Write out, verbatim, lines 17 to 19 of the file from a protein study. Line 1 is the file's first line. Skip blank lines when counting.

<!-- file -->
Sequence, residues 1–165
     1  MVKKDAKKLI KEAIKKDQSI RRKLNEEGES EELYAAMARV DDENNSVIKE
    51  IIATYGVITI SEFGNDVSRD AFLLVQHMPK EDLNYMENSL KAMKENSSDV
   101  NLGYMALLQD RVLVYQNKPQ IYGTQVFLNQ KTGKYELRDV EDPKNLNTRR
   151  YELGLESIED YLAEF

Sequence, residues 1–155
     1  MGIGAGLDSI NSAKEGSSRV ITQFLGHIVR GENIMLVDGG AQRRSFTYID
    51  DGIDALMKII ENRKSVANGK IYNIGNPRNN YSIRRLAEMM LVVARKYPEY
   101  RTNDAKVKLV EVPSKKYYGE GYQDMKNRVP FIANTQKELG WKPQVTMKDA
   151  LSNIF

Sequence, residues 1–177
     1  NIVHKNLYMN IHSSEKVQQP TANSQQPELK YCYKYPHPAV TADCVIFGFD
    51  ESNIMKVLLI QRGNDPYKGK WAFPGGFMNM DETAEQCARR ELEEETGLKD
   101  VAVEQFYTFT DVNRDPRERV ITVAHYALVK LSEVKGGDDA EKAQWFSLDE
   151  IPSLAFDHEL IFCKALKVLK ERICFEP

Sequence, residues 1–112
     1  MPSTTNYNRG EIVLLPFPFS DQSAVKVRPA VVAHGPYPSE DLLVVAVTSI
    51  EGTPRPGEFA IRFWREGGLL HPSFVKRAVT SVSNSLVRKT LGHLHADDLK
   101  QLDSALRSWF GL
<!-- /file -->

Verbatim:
     1  MPSTTNYNRG EIVLLPFPFS DQSAVKVRPA VVAHGPYPSE DLLVVAVTSI
    51  EGTPRPGEFA IRFWREGGLL HPSFVKRAVT SVSNSLVRKT LGHLHADDLK
   101  QLDSALRSWF GL